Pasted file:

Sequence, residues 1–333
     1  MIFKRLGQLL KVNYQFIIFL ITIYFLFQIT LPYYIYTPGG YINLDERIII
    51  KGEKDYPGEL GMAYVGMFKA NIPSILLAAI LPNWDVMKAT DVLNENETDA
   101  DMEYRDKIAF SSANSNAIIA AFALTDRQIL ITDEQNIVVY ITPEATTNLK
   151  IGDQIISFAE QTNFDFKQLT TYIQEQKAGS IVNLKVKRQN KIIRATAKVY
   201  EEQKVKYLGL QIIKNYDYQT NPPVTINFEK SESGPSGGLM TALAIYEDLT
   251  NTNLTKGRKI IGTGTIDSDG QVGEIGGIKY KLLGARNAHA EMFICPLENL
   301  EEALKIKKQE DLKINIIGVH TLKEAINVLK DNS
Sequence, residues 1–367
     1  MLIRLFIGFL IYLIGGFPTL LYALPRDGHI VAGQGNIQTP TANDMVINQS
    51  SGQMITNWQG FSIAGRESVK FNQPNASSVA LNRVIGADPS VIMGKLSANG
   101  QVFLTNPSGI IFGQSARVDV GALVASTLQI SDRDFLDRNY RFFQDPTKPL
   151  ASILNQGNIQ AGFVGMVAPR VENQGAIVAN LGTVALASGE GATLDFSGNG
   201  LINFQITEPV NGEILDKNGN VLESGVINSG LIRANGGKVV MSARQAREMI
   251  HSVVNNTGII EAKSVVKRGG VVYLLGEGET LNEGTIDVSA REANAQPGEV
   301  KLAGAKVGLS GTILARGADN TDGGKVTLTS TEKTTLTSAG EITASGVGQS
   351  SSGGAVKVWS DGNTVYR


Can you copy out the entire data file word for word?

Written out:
Sequence, residues 1–333
     1  MIFKRLGQLL KVNYQFIIFL ITIYFLFQIT LPYYIYTPGG YINLDERIII
    51  KGEKDYPGEL GMAYVGMFKA NIPSILLAAI LPNWDVMKAT DVLNENETDA
   101  DMEYRDKIAF SSANSNAIIA AFALTDRQIL ITDEQNIVVY ITPEATTNLK
   151  IGDQIISFAE QTNFDFKQLT TYIQEQKAGS IVNLKVKRQN KIIRATAKVY
   201  EEQKVKYLGL QIIKNYDYQT NPPVTINFEK SESGPSGGLM TALAIYEDLT
   251  NTNLTKGRKI IGTGTIDSDG QVGEIGGIKY KLLGARNAHA EMFICPLENL
   301  EEALKIKKQE DLKINIIGVH TLKEAINVLK DNS
Sequence, residues 1–367
     1  MLIRLFIGFL IYLIGGFPTL LYALPRDGHI VAGQGNIQTP TANDMVINQS
    51  SGQMITNWQG FSIAGRESVK FNQPNASSVA LNRVIGADPS VIMGKLSANG
   101  QVFLTNPSGI IFGQSARVDV GALVASTLQI SDRDFLDRNY RFFQDPTKPL
   151  ASILNQGNIQ AGFVGMVAPR VENQGAIVAN LGTVALASGE GATLDFSGNG
   201  LINFQITEPV NGEILDKNGN VLESGVINSG LIRANGGKVV MSARQAREMI
   251  HSVVNNTGII EAKSVVKRGG VVYLLGEGET LNEGTIDVSA REANAQPGEV
   301  KLAGAKVGLS GTILARGADN TDGGKVTLTS TEKTTLTSAG EITASGVGQS
   351  SSGGAVKVWS DGNTVYR